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Gol gappas or gold medals? Which side of #Dangal are you on?


Strategic importance of vulnerability

Aamir Khan’s Dangal, apart from all the gushing reviews, has also resulted in an ‘accusation’. Of glorifying a patriarchal story in the garb of female empowerment. It is argued that Aamir’s character forces his dreams on to the helpless kids, robbing them of not only their childhood, but also any dreams they may have had for their own future.

There are two angles to this accusation – one is about gender power and the other about the parent–child power equation. Both, in this case have their flaws.

The first, about patriarchal glorification is hypocritical, in light of the emerging trends around us in urban India. Increasingly, mothers are becoming the dominant parent in charting the child’s educational/achievement journey. The celebrated P&G’s ‘Thank you mom’ or the ‘Tayyari jeet ki’ campaign by Bournvita are but some example of the same.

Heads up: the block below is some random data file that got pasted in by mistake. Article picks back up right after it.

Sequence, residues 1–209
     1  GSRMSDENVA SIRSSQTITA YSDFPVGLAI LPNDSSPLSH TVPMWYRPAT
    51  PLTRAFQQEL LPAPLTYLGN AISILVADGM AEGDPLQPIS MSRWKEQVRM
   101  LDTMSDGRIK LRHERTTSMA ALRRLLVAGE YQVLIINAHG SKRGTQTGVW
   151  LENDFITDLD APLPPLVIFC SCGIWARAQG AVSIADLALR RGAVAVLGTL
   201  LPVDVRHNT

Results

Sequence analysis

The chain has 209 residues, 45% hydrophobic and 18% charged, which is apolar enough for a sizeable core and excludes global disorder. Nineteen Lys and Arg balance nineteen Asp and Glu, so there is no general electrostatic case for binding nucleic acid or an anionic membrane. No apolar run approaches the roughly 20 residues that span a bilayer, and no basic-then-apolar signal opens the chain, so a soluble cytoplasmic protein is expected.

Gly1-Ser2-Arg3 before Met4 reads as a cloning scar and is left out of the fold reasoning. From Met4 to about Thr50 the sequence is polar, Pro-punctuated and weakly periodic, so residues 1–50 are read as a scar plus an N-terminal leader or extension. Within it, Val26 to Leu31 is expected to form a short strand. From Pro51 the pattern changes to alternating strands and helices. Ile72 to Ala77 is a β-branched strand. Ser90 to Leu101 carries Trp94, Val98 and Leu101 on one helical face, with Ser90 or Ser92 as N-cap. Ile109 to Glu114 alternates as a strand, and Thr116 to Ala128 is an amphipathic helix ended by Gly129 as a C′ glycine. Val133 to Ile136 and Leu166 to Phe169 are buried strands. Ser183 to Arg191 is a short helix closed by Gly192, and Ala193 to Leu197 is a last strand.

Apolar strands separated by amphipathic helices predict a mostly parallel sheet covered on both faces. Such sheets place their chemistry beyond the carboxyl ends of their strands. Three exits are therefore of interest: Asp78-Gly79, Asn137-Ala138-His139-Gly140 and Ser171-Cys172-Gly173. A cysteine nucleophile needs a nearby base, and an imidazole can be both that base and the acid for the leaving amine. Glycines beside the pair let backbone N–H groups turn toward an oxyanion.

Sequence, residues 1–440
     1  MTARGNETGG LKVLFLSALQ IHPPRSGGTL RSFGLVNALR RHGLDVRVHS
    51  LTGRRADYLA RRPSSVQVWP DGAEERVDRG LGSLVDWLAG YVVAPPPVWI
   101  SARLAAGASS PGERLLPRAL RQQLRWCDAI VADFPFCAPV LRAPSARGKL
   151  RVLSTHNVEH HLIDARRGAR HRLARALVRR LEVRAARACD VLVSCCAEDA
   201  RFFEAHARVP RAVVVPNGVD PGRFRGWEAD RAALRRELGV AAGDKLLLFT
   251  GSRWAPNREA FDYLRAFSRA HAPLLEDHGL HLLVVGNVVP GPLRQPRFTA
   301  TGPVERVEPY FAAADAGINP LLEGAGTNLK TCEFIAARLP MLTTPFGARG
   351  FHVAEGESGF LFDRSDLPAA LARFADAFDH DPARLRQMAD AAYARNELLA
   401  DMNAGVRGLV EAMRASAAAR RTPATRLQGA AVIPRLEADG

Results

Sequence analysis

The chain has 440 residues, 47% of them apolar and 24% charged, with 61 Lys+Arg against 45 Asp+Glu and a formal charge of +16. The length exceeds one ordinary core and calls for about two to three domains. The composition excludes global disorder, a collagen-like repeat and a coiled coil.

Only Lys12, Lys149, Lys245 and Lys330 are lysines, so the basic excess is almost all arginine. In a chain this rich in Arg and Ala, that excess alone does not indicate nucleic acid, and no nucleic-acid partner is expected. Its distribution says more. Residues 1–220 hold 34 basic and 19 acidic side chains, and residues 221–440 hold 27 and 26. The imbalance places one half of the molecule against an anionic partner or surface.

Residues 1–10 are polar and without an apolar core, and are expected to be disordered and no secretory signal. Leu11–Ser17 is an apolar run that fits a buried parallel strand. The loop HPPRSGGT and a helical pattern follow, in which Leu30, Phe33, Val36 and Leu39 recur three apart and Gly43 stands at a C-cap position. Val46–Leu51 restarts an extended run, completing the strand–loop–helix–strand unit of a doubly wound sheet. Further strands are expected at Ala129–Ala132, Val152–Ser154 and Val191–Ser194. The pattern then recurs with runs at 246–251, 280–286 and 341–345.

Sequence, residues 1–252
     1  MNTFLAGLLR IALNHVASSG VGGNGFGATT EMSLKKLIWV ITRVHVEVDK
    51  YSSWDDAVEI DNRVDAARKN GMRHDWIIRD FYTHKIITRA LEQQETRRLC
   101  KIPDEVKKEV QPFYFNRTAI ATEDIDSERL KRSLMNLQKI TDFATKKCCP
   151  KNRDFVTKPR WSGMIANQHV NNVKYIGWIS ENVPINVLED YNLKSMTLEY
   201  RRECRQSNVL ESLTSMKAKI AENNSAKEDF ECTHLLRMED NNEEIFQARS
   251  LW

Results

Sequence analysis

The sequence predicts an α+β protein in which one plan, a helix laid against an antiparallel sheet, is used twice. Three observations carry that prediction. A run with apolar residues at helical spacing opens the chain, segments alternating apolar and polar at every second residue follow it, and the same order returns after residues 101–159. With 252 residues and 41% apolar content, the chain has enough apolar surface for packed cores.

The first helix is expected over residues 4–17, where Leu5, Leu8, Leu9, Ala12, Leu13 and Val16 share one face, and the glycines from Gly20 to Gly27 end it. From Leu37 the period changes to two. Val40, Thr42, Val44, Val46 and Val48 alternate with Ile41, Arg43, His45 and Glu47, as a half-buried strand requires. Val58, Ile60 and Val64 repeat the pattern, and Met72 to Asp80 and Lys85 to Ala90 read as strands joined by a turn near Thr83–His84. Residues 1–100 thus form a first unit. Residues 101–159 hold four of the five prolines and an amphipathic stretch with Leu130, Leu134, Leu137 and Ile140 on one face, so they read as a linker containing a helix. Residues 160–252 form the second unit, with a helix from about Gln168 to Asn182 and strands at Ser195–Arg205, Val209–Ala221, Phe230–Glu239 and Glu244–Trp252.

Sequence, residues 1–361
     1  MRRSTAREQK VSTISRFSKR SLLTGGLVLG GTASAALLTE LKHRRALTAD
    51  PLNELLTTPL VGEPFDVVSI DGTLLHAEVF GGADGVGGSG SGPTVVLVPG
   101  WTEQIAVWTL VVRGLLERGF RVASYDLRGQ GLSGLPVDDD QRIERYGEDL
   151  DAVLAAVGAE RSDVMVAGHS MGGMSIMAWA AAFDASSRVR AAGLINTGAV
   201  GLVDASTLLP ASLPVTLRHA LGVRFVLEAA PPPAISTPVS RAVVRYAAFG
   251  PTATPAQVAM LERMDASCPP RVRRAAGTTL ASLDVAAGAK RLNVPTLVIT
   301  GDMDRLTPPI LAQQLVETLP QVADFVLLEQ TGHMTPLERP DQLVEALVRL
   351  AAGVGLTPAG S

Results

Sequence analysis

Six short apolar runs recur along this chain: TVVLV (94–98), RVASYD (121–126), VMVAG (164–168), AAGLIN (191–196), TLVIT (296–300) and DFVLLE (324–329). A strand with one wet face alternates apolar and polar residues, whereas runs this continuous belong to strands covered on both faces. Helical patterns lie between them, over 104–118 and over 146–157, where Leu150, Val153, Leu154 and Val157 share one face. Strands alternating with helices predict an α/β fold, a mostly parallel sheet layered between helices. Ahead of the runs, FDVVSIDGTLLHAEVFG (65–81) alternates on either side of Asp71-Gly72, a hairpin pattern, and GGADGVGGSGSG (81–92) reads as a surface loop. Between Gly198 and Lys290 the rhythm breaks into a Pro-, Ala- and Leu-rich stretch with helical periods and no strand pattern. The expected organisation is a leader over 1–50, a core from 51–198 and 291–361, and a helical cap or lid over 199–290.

Strategic importance of vulnerability



One doesn’t see any chest beating around this being a worrisome matriarchal imposition. Or take the example of the delightful ‘Nil bate sannata’. If anything, the image is seen to be one of empowerment. A strong mother helping her child become strong, by pushing him/her beyond his/her limits. Does the same story become negative if we replace the mother with the father? I rest my case.

The second one, about parents imposing their ambitions and robbing kids of their potential and childhood is a more interesting debate. Especially, given the context.

In many sports, kids need to adopt a serious approach, at a very early age, well before they enter their teens. And we all celebrate stories of their ‘sacrifices’ when they achieve stardom in sports. In most such cases, it is highly unlikely they were in a position to choose a life devoid of childhood pleasures and filled with the painful rigour sporting excellence demands on their own. Should we stop celebrating such stories then? And maybe start feeling sorry for possibly 90% of our sporting icons for their lost gol gappas?

Till we reach an era where we can celebrate a purposeless, under achieving life of one’s own choice over that of reaching glorious heights at the cost of choice and life’s simple pleasure, maybe we should just enjoy a wonderful story, brilliantly told.